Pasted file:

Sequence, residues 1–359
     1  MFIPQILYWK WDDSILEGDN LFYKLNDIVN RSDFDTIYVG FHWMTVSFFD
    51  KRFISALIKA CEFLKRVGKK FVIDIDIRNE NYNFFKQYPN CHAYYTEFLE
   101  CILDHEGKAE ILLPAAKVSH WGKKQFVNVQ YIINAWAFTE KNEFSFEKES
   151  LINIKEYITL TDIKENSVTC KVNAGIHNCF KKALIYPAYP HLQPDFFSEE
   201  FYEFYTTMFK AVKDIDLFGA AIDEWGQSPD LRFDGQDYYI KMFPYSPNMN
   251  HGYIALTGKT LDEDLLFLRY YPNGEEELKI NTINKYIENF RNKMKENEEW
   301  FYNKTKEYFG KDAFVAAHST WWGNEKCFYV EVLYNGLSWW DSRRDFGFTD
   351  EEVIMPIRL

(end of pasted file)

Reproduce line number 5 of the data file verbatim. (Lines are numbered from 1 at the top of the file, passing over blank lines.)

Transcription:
   151  LINIKEYITL TDIKENSVTC KVNAGIHNCF KKALIYPAYP HLQPDFFSEE